Self review guidelines
For an organisation to grow and improve the quality of its services it is important it monitors its performance. Ngā Arohaehae Whai Hua/Self-review Guidelines for Early Childhood Education were created with this in mind.
Licensing Criteria Cover
"You may make mistakes at first - kia kaha! Allow those mistakes to be your friend and teach you." - Puketapu-Hetet, 1999, page 59
Review is the deliberate process of preparing, gathering, making sense of information, and deciding in order to bring about improvement. It offers opportunities for early childhood education services to evaluate the impact of practice on children’s learning.
'Ngā Arohaehae Whai Hua/Self-review Guidelines for Early Childhood Education' supports teachers, kaiako, management, families, and whānau to learn about review and to improve the effectiveness of self-review processes.
The main body of this document is divided into three sections. The first section explores the concept of review. The second section outlines the review process, and the third section invites us to reflect on our self-review process by considering the elements of effective review. Each section concludes with a series of questions to provoke our thinking.
The appendices include examples of self-review in practice. Review stories have been provided by a range of early childhood education services. Their stories show different ways of going about review – each reflecting the focus for review that their service had at the time.
Templates of review plans and frameworks that can be used as guides for review are also included in the appendices. A glossary and references follow at the back.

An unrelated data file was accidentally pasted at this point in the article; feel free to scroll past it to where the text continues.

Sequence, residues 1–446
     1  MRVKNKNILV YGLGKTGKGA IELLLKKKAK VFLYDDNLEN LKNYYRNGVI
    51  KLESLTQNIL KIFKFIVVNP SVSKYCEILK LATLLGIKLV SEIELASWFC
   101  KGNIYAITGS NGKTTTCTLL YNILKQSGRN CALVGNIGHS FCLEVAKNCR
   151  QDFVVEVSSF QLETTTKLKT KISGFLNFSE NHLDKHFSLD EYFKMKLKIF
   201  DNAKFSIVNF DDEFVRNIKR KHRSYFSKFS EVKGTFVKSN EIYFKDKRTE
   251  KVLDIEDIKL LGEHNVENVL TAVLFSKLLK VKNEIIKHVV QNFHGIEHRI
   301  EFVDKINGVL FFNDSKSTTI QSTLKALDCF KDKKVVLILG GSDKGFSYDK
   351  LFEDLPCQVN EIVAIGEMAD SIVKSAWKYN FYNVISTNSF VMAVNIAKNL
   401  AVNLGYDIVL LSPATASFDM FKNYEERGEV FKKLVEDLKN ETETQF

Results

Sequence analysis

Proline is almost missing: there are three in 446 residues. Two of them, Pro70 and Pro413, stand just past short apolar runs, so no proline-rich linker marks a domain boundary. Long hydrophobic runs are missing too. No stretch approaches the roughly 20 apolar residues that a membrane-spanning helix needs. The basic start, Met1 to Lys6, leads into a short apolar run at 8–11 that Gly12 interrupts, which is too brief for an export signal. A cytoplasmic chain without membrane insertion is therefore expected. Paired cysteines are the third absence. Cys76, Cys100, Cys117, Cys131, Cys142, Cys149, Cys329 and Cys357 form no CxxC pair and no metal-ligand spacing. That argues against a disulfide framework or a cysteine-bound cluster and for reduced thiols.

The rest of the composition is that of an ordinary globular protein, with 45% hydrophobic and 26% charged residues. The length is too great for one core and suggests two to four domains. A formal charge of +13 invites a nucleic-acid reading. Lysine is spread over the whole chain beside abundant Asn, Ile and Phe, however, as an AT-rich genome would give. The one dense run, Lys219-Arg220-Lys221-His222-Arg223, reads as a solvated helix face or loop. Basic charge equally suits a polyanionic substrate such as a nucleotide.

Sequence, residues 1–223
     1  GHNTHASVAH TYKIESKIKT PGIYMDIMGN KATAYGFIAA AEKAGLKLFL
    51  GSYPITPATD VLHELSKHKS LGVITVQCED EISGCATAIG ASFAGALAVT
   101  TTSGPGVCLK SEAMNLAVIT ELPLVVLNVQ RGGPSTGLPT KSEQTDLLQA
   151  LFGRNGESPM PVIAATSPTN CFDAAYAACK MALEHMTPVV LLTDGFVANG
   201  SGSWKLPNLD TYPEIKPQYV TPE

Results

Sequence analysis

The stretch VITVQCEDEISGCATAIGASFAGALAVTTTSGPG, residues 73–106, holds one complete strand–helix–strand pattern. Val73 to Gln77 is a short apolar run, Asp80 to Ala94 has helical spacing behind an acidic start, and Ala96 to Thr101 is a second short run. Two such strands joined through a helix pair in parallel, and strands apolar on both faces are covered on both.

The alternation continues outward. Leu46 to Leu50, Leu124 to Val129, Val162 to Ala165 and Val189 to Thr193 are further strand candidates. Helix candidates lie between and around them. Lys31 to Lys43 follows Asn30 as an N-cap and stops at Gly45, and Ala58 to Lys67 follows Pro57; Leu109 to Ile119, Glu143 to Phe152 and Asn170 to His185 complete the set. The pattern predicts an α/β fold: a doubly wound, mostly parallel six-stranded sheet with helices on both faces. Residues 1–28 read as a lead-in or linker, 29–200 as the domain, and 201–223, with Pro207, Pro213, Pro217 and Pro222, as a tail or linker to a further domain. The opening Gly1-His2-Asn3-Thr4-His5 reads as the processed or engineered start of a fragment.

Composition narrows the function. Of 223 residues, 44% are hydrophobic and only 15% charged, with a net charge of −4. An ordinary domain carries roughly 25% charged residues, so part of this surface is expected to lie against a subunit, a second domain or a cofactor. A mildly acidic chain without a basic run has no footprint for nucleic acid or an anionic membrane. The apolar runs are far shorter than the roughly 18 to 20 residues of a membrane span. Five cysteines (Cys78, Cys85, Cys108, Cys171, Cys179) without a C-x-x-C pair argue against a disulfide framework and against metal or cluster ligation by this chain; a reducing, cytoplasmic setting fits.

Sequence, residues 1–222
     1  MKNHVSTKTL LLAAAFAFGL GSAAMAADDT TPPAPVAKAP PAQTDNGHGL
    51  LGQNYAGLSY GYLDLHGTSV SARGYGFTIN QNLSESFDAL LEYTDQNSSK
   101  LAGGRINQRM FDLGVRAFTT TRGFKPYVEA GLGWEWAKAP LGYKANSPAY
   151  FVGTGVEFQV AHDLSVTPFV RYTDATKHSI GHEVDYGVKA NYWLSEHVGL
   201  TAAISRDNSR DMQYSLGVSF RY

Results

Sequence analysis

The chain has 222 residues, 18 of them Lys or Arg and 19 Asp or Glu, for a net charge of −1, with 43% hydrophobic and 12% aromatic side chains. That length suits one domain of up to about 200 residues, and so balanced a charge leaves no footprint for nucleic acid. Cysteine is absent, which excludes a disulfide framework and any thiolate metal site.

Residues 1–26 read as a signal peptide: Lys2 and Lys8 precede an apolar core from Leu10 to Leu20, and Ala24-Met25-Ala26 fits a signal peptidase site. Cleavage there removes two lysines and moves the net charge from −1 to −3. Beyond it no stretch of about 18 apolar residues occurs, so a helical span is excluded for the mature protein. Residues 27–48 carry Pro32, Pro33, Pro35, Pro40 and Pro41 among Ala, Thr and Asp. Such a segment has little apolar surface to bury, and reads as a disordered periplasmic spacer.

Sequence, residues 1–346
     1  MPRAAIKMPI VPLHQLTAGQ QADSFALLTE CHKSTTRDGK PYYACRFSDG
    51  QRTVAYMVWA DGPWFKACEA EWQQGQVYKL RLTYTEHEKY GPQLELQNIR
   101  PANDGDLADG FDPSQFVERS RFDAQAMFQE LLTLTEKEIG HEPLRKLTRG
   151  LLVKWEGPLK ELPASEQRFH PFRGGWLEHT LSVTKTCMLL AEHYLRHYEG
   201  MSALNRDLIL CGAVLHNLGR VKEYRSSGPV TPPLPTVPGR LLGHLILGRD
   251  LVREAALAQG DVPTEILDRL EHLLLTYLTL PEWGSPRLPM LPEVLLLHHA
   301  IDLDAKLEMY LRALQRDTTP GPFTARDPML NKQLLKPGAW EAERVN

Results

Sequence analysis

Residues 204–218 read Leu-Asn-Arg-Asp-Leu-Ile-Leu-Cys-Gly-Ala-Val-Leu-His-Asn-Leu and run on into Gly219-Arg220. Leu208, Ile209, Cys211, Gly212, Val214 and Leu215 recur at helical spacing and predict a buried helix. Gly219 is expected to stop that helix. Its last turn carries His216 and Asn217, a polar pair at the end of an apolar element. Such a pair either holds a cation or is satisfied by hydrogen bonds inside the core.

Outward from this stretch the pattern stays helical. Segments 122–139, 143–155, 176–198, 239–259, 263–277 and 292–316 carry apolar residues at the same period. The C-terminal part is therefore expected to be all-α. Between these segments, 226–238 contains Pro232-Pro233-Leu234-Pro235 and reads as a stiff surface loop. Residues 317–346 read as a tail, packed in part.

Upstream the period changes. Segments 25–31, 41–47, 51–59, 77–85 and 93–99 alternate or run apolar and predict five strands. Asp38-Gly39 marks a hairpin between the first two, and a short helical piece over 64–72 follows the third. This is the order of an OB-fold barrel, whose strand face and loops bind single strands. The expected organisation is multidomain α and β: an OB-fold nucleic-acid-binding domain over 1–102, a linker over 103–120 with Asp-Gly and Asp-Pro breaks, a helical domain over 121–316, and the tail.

The use of “we” in this document signifies an inclusive approach to self-review as all members of the early childhood education learning community have opportunities to participate.
The whakatauākī in this document provide a way of considering review concepts from a kaupapa Māori perspective. Whakatauākī are sayings that have many meanings rather than direct translations. They should be read in this light.
Te Whāriki and raranga - Te Whāriki me te raranga
"...to grow up as competent and confident learners and communicators, healthy in mind, body, and spirit, secure in their sense of belonging and in the knowledge that they make a valued contribution to society" - Te Whāriki, page 9
"Of all the Māori weaving techniques, raranga is the one that has best survived. ...it also has the strongest links with Pacific Island weaving." - Puketapu-Hetet, 1999, page 44.
The early childhood curriculum, Te Whāriki, explains that everything we do has an impact on learning and teaching. We use the term "whāriki" to describe the day-to-day, collective weaving of curriculum for our tamariki. The way we weave together the distinct patterns of our curriculum defines what we do and how we do it.
As members of an early childhood education service, we belong to a community of weavers, working together to provide the best possible learning and teaching for children.
'Ngā Arohaehae Whai Hua/Self-review Guidelines for Early Childhood Education' builds on the weaving metaphor introduced in Te Whāriki by supporting us to examine the whāriki that each early childhood education service weaves for its children.
Raranga1 is the technique used across cultures to weave a whāriki/mat. The metaphor of raranga can provide a way of understanding review. The process of raranga reminds us to pause in our work, to look closely at the way our curriculum whāriki has been woven, and to evaluate our practice.
This document uses raranga imagery to guide us through the process of review. Review is an important part of what we do together to generate growth through improvement. By pausing in our work and evaluating the effectiveness of our curriculum, we have opportunities to transform practice. Such is the nature of review.